Max-OT (Maximum Over Training)
This is another strength training protocol. I use this if I want to spend more time at the gym (BBS gets over before even you realize), particularly on a day when I have something to ruminate on the mind. Which is almost every day!
Unlike BBS, Max-OT is unsafe. With Max-OT, I had injured myself at least three times in the past. But it helps me carry bigger weights. Somehow, for reasons that I can’t explain, it matters!
With Max OT protocol, you warm up and load each muscle group in the following stages:
- 12 reps: 1/2 (50%) your max load
- 9 reps: 1/2 (50%) your max load
- 6 reps: 2/3 (67%) your max load
- 3 reps: 4/5 (80%) of your max load
- 1 rep: 9/10 (90%) of your max load
- 2 to 4 reps: Max load
- 2 to 4 reps: Max load
Of course, you can take about a minute rest between each loading.
For the best effect, Max OT is carried out with free weights. When free weights are used, your limbs are required to control several degrees of movement. Which is expected to strengthen multiple-muscle fibers.
But you should be aware that free weights at maximum capacity is always a recipe for disaster. Under Max load, keep the concentration on every one of your muscle fibers. Or else, you are guaranteed to injure yourself.
With Max-OT, I work out about 5 days a week, each day for one particular muscle group. So, each muscle group is loaded once every week. I am able to increase the max load by about 10% every 3 weeks or so. Increase in max load, of course, is essential to get better results.
All three protocols that I have shared are anaerobic. I am not a big fan of aerobic exercises. I think they lack focus and intensity for my taste. Regardless of which protocol you chose, you are better off with these supplements:
- Drink some water with BCAA before and during the exercise (with HIIT, you won’t have time drink anything during exercising)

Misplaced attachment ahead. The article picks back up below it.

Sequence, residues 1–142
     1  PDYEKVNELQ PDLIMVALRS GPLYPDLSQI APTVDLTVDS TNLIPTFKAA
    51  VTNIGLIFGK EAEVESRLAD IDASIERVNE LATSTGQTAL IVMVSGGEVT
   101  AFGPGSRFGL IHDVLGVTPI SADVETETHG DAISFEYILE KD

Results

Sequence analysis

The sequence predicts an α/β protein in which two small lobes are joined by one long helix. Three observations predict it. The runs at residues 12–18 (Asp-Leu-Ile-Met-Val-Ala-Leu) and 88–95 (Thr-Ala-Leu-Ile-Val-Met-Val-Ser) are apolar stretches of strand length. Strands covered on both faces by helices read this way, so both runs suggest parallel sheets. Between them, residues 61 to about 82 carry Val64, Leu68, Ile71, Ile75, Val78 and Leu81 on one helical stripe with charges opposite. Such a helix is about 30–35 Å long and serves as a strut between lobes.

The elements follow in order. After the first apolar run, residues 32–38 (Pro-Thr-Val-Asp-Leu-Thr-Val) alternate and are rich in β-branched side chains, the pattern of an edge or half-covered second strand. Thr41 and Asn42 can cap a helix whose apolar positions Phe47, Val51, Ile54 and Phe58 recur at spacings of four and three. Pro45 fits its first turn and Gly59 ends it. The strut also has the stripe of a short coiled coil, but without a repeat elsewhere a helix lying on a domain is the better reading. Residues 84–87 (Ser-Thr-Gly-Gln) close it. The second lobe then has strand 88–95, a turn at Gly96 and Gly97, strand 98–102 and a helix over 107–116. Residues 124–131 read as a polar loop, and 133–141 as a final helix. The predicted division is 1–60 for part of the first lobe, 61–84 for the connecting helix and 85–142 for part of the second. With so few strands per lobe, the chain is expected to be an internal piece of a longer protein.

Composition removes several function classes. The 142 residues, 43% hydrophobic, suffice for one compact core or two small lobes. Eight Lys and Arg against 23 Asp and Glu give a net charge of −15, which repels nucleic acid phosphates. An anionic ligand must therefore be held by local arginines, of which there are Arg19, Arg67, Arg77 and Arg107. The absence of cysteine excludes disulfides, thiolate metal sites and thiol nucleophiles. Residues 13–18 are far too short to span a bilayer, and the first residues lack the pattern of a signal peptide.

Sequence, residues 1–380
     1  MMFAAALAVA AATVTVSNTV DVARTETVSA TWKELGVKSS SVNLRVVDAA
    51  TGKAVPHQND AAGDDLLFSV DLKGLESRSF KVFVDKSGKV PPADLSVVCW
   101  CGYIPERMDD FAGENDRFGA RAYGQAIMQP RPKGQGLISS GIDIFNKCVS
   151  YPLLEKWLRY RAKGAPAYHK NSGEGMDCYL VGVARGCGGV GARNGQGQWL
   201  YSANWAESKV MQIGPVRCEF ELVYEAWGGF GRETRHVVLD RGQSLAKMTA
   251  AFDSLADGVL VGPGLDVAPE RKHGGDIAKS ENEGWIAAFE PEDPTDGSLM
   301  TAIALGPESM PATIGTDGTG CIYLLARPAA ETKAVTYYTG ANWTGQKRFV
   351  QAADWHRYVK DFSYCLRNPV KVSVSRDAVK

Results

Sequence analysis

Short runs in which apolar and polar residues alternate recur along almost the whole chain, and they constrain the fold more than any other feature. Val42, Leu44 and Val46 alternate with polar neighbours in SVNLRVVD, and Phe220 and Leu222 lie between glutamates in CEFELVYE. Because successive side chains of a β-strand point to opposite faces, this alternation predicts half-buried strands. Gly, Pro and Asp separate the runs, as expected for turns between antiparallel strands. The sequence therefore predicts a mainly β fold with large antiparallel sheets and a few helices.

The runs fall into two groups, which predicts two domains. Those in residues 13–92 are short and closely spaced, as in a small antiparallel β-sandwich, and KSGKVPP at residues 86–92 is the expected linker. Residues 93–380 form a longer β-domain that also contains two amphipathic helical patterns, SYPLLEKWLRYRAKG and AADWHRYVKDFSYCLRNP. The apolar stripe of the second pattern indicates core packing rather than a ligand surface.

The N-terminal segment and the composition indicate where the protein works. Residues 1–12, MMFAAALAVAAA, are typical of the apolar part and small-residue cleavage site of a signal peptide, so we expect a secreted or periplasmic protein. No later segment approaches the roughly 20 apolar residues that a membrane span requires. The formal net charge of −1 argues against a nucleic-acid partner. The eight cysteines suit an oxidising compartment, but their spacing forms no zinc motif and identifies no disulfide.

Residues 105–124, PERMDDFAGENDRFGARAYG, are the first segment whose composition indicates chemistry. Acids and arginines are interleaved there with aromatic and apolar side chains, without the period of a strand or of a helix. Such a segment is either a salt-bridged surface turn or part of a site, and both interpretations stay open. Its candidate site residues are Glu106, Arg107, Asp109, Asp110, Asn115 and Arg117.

- Take a scoop of whey protein, mixed with water, after exercise
- Every day, take 100mg Co-enzyme Q10, 1g L-Carnitine, 1g Vitamin C, 400iU Vitamin E, 2g EPA+DHA (from Omega 3) and a multi-vitamin
- Guys wanting to build muscle mass usually load carbs. DO NOT. Since you are diabetic, you already have lots of glucose floating around in you blood. One of the main reasons you are exercising is to utilize the glucose that is already in your blood. All post-workout drinks have carbs in them. You can’t have them. More interestingly, you don’t need them.
- Of course, after extended work out, your sugar levels may drop. If you expect it, keep some sweets around to gobble them. Instead, you can also work on getting your body keto-adopted. In which case, you body burns fat for fuel (as against burning glucose for fuel). Since you are holding mega-storage of calories in the form of fat (good enough for 100 days or more), once you become keto adopted, you will never have to worry about hypoglycemia.
If you are diabetic (T2), there is no way you are going to control your Type-2 diabetes without controlling your diet. There are two diametrically opposite philosophies on what kind of diet is good for diabetics:
- Neal Bernard has been very successful in treating scores of diabetics on ultra-low fat, low-GL, largely vegetarian, food
- On ketogenic diet, you take only 10% carbs, but 70% fat and you can have all the animal origin food that you want
I strongly prefer the later. The least important reasons is that the food id delicious. Also, it feels right on the body. Most importantly, there is well understood science behind ketogenic diet. However, no one knows how or why Neal Bernard diet works.